The NGO Commission looked at NGO legislation in several other Asian countries and visited India and Bangladesh; in addition, the Sri Lankan Law and Society Trust prepared a report based on a comparative inquiry into the legislative frameworks of India, Pakistan, Nepal, Bangladesh and Sri Lanka. The review of the five South Asian countries revealed different mechanisms to try to regulate the NGO sector. Several countries had enacted potentially very restrictive regulations, although it had to be recognised that in practice their application could not said to have caused a major impediment to NGO activity in general. Some states, such as Bangladesh and India, on the premise that the State has a legitimate interest in monitoring institutions operating with foreign funds, enacted controls over the receipt of foreign donations and contributions. In Sri Lanka the receipt of funds and their applications is only covered by those general laws concerning foreign exchange.
The NGO Commission submitted its report to the President in late 1993; the report still has not been published. According to government statements, however, the report recommends compulsory registration, the monitoring of foreign funding, the creation of a post of Commissioner with its own secretariat, an NGO fund and an NGO coordinating mechanism.
An unofficial summary of the main recommendations reveals that the Commission found the NGO sector seemingly `chaotic, anarchic and in disarray'. The report also criticises the undemocratic structure of some NGOs, big overheads and especially `unlawful religious conversions'. To the degree that they seek to advocate the causes of poverty through advocacy and influencing policy with foreign funding, `an alien hand' may directly or indirectly try to exercise power in Sri Lankan society. The report regrets that the NGO community had been uncooperative and seemingly hostile to the deliberations of the Commission. The report rejects the possibility of excessive legislation but acknowledges the State's right to supervise in particular, to supervise the proper use of funds.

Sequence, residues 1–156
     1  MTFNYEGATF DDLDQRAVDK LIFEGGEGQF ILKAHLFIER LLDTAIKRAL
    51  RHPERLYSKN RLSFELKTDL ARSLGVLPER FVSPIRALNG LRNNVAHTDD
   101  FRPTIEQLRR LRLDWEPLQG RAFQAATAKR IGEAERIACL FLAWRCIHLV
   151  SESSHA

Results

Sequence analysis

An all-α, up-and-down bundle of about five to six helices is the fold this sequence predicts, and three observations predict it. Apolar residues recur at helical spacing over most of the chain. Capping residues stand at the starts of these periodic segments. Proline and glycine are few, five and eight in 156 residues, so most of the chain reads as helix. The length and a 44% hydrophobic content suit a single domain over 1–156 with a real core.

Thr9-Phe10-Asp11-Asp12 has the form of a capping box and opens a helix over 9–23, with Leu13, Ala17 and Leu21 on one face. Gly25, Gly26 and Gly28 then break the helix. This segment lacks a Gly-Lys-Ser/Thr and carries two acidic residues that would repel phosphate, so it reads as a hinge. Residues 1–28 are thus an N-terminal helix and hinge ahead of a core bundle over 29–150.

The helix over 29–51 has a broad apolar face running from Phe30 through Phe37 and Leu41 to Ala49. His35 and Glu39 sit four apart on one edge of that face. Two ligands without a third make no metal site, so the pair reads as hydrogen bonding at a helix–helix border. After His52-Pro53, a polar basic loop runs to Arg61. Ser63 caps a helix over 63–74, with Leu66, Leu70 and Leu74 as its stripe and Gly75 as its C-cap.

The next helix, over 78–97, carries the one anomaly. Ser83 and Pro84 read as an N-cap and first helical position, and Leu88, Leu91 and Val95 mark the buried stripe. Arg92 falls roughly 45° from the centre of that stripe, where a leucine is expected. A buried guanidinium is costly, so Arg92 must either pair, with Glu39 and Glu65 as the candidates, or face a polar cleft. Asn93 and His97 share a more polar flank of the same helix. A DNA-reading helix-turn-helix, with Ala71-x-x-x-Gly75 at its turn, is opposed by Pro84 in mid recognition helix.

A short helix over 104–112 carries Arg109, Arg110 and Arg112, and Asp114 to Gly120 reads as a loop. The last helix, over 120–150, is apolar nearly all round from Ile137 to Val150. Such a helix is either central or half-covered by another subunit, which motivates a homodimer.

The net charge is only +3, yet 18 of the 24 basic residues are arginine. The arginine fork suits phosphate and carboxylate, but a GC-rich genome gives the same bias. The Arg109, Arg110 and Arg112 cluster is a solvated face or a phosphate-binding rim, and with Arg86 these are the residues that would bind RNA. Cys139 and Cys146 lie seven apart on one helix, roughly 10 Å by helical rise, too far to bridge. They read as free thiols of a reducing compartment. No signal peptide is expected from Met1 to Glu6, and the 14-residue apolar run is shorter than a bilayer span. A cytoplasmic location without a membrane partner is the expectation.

The report recommends the creation of a central office of the NGO Commissioner with support staff. Two advisory committees, one on `administrative matters' and one on `State/NGO relations', would support the NGO Commissioner. A few members from the NGO sector would sit on the committees but all would be appointed by the President. The NGO Commissioner's office would be the focal point for all national and international NGOs; it would be authorised to make preliminary inquiries into matters of alleged misconduct or misappropriation but would then refer the case to the proper authorities if so warranted.
The report also recommends compulsory registration for foreign NGOs and national NGOs receiving foreign funding, as well as grassroots or community based organisations directly sponsored or directed by a registered NGO. Both national and international NGOs would be required to disclose very detailed and comprehensive information about the uses of foreign funds.
Significantly, the report states that NGOs would not only have to undertake to comply with the national laws but also not to undertake activities that might upset the balance between communities and religions, or to interfere in political matters. This is of course utterly valid but slightly ironic, given that successive Sri Lankan governments since the Citizenship Act of 1948 have taken constitutional initiatives that have contributed to growing ethnic, political and religious tensions and conflict.